American Chemical Society
Central Ohio Valley Section

November Meeting

Thursday, November 17, 2016

6:30 pm
Room 465 Science Building
Marshall University
Huntington, WV

Dr. Dusty Rose Miller

Department of Chemistry
Vanderbilt University
Nashville, TN

 


“Adhesion beyond the interface: molecular adaptations of the mussel byssus to the intertidal zone”

Abstract

   The California mussel, Mytilus californianus, adheres robustly in the high-energy and oxidizing intertidal zone with a fibrous holdfast called the byssus. The byssus is composed of cm long threads each terminating in an adhesive plaque. Byssal plaques mediate sessile attachment in part through proteins with “sticky” catecholic sidechains that reversibly adhere to a variety of surfaces with near-covalent bond energy. The plaque and thread are covered with an outer protective coating called the cuticle that’s high stiffness and extensibility make it one of the most energy-tolerant materials known. Overall, the mussel byssus represents an excellent model system for understanding adaptive mechanisms of both underwater adhesives (plaque) and tough materials (cuticle). I will discuss both plaque-associated mechanisms (antioxidant activity) and cuticle-associated mechanisms supporting adhesion including delivery of materials underwater, iron binding, and friction. I will argue that these supporting mechanisms are intimately linked and ultimately responsible for the durable and dynamic underwater adhesion of mussels in the intertidal zone. Our results reveal a significant untapped potential for antioxidants, coacervates and metals in applications that require adhesion, lubrication, and wear protection. These applications include underwater adhesives, artificial joints, contact lenses, dental sealants, and hair and skin conditioners.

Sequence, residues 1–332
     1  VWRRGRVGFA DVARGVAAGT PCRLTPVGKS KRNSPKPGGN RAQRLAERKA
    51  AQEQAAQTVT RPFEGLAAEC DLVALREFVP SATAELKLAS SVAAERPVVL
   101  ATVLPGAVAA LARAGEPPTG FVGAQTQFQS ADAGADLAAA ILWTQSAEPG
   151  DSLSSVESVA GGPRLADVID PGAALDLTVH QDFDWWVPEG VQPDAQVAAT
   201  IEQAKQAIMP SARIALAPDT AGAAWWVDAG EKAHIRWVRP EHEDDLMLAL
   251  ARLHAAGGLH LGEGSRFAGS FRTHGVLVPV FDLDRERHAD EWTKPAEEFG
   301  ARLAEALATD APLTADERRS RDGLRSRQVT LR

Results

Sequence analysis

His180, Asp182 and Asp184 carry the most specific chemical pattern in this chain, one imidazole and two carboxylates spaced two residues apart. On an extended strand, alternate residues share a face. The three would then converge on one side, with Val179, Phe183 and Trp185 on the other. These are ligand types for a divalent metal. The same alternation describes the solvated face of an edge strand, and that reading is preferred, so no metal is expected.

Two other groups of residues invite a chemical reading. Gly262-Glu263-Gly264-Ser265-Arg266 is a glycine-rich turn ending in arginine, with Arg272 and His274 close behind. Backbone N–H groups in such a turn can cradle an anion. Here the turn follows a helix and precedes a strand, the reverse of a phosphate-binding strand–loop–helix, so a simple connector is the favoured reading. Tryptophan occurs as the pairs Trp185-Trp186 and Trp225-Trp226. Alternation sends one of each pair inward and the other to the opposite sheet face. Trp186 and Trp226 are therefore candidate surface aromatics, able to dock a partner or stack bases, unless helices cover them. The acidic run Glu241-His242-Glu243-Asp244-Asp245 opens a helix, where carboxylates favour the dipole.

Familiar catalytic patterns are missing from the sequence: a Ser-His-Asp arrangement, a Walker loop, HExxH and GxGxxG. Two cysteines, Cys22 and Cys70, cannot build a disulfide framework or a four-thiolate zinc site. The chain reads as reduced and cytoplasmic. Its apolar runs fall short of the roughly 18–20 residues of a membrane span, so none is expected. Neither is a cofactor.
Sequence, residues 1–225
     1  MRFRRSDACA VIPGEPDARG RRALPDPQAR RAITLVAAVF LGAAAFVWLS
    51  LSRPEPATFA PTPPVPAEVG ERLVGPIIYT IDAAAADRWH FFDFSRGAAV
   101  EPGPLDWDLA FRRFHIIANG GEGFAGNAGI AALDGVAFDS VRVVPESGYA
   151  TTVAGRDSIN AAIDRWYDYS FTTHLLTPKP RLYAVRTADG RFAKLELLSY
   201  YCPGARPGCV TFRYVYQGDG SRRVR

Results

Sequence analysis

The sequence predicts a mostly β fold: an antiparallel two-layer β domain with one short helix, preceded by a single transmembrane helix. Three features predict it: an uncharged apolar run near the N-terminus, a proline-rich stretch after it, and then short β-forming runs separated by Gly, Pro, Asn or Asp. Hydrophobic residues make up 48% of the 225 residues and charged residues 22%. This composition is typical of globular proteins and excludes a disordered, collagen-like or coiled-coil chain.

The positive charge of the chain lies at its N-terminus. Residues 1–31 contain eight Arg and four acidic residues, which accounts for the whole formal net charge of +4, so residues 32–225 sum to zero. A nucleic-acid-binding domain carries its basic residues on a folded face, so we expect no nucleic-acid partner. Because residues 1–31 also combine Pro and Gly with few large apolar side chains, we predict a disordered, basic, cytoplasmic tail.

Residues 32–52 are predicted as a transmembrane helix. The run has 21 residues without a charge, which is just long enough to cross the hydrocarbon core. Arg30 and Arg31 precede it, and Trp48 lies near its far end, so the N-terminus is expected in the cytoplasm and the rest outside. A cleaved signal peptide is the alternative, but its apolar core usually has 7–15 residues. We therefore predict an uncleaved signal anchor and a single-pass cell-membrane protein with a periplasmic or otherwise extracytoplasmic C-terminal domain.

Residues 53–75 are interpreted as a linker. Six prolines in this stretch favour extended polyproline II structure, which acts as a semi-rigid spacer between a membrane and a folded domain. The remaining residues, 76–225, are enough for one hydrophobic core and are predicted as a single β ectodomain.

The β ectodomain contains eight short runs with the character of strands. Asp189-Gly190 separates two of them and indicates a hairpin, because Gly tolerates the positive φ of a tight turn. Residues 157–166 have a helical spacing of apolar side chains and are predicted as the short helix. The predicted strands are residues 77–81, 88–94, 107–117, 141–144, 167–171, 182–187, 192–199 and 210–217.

Speaker Information

   Dusty Rose Miller, Ph.D. received her doctoral degree in Biochemistry and Molecular Biology from the University of California Santa Barbara in 2015 and is now a post-doctoral scholar at Vanderbilt University in the lab of Prof. David Cliffel.

 

 

 

E-mail Notification of Meetings

Officers

Committees

A Request from the Newsletter Editor/Webmaster:

        What do you think of this as a replacement for the newsletter?   Comments and suggestions are always welcome.  Please send any and all ideas for improvement to me at anderson@marshall.edu.  Volunteers who would be interested in working on the web site are always welcomed.